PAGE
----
10 toads hitch ride on a python ‘to escape Australian floodwaters’. Yes, there’s a photo – and a sexy twist to the tale
- 3.5-metre snake was ‘moving across the grass at full speed with the frogs hanging on’
- The strange sight, captured in remote Kununurra in Western Australia, may represent unusual sexual behaviour by the toads
A huge storm in Australia’s north on Sunday flushed out a sight which either fascinated or horrified those who saw it – 10 cane toads riding the back of a 3.5 metre python.
Paul and Anne Mock were at home with their daughters in the remote Western Australian town of Kununurra, when a large storm dumped almost 70mm of rain into their dam.
Worried the dam and spillway might break its banks, Paul Mock ventured outside in the middle of the lightning and rain.
“The lake was so full it had filled the cane toad burrows around the bank and they were all sitting on top of the grass – thousands of them,” he said. “He was in the middle of the lawn, making for higher ground.”
68mm just fell in the last hour at Kununurra. Flushed all the cane toads out of my brothers dam. Some of them took the easy way out - hitching a ride on the back of a 3.5m python. pic.twitter.com/P6mPc2cVS5
— Andrew Mock (@MrMeMock) December 30, 2018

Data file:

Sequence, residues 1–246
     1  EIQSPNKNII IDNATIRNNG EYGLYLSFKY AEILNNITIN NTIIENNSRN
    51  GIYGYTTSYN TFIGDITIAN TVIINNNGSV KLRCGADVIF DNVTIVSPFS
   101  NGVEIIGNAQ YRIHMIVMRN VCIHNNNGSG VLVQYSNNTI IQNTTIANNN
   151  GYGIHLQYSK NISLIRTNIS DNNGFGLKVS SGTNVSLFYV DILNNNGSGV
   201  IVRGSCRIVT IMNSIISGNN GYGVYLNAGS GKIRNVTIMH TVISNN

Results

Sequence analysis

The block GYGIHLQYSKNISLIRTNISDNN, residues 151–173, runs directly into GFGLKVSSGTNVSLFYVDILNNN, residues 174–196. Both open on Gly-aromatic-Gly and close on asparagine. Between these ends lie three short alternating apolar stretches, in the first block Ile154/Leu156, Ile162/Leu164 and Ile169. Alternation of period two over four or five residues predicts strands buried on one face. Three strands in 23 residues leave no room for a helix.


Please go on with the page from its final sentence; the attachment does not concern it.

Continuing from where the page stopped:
“He” was Monty, a 3.5m resident python also fleeing the rising water, only with a band of cheeky travellers on board.
“He was literally moving across the grass at full speed with the frogs hanging on,” said Mock said. “I thought it was fascinating that some of the local reptiles have gotten used to [the cane toads] and not eating them.”
Mock’s brother Andrew posted a photograph of the sight to Twitter, prompting horror, amazement and jokes about the outback Uber.
Amphibian expert Jodi Rowley, a senior lecturer in biological sciences at the University of New South Wales, said on Twitter that the male cane toads may have been trying to mate with the python.
Cane toads are a damaging pest in Australia’s tropical north, with their apparently unstoppable march from east to west over the past few decades invading communities and devastating ecosystems and native species, which often die after eating the unfamiliar and very toxic invaders.
In Kununurra, Mock said, all the big goannas were the first to disappear.
“They are starting to come back, and the snakes did go quiet but they’re starting to come back too,” he said.
“You just learn to kick the toads out of the way when you go into your house at night. They’re attracted to the light. They’re on the driveway and you dodge them.
“You kind of almost forget they’re there until you see how many there are when they’re all out of the burrows.”
The devastation caused by cane toads has inspired some unconventional attempts to save the native wildlife, including community toad busting groups, and training animals not to eat them.
Some, like Monty, appear to have taught themselves.